Thanks to a mysterious “Citadel of the Mists” map notation on some Realms maps that show The High Forest (for those unfamiliar, that’s a big wood that fills the heart of the northerly Sword Coast lands; if the Citadel is shown, you’ll find it near the forest’s upper or northern edge, east of center), many have heard of the Mistmaster, but few know more about him than the name. Oh, there have been hints and a mention or two (in Cloak & Dagger, the Silver Marches, and the novel Blackstaff, if you’re counting), but the published Realms has been largely silent about this individual.
Which is just the way he likes it.
The Mistmaster is one of a type of very useful-to-the-DM Non-Player Characters: a kingpin, or boss who coerces, manipulates, and cows others, and is quiet about it. A low-public profile, power-behind-the-throne type. Player Characters may cross swords with brutes, and eventually confront the moustache-twirling megalomaniacs who lord it over those brutes . . . but quiet kingpins are the wiser baddies who are more powerful than the moustache twirlers, and apt to last much longer, too, because they avoid the spotlight. And in the Realms as in many other settings, real and fictional, seizing the spotlit ground generally also means painting a target on yourself.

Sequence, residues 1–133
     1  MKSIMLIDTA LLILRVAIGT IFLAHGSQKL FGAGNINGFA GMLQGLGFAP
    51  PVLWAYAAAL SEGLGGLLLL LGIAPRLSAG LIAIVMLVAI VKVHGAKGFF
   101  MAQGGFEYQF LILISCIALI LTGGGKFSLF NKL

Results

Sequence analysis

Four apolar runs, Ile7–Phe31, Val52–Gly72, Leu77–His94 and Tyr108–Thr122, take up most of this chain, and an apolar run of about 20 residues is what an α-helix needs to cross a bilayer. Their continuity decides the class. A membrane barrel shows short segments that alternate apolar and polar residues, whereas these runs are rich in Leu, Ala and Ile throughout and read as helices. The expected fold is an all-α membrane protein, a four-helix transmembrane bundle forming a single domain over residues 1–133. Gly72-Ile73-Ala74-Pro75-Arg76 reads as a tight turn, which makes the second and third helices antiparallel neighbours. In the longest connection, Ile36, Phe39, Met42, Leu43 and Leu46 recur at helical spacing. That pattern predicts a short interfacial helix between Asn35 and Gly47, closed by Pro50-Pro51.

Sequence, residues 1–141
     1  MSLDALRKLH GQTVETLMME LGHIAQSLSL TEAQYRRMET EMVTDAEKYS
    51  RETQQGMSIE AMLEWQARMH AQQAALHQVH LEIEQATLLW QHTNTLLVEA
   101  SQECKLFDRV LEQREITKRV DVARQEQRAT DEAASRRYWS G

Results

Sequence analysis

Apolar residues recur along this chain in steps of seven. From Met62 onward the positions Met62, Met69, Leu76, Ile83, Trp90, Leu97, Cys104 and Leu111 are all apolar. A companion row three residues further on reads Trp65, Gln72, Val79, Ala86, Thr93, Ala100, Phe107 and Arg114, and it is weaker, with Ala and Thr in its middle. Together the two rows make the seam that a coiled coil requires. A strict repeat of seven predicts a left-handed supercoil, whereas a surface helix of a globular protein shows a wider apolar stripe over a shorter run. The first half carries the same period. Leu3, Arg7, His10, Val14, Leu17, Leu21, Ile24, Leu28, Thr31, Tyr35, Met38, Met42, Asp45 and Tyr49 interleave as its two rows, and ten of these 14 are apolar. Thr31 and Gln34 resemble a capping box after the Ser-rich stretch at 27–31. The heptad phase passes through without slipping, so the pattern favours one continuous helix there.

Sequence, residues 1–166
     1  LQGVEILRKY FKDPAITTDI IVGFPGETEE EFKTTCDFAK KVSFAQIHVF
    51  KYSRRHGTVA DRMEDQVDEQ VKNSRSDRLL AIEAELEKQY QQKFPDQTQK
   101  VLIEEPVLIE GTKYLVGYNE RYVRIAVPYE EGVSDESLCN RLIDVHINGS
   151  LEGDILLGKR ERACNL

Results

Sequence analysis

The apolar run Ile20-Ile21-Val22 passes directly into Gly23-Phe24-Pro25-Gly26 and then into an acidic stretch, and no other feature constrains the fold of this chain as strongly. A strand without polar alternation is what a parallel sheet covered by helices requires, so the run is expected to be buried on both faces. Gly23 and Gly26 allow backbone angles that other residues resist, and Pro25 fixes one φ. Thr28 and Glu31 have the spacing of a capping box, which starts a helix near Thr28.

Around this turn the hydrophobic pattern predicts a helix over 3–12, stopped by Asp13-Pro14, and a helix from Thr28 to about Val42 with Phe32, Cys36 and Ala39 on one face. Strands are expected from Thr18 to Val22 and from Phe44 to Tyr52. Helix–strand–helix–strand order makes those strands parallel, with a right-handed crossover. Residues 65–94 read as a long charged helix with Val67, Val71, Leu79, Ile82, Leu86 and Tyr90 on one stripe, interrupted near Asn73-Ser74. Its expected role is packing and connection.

“The Mistmaster” is obviously either a formal title or a nickname, not the holder’s real name. The wider Realms knows almost nothing about him, because he wants it that way and works through intermediaries (layers of agents and spies) and message drops and with much misdirection—so someone trying to find out more about him can’t be sure even where he dwells or most often operates, let alone his race, gender, appearance, and everyday name.
The moniker suggests some sort of magical power that controls mists, hinting that our mystery guy—if said individual is a male—is some sort of spellcaster, but that’s no more than an impression; if we’re the average inquisitive cartographer or explorer of the Realms, we really know this much about The Mistmaster: nothing at all. Oh, there are rumors that he was mighty enough to destroy Hellgate Keep or have a major hand in doing so, but facts we can trust, whereas rumors…
That map notation denotes where this particular quiet kingpin most often hangs out, yes, but he spends a lot more time unnoticed, just one more man trudging the streets, in Waterdeep or Silverymoon; his “realm” consists of a simple, rude cavern “hideout,” some hidden treasure caches located in smaller caves, and a grand abandoned castle he came upon, refurbished a few rooms of, filled with traps, and then left again, as a lure to kill those who came looking for him. He visits when he wants to host guests, or play the lord, but the great bulk of his time is spent elsewhere. He doesn’t need throne rooms or fawning courtiers.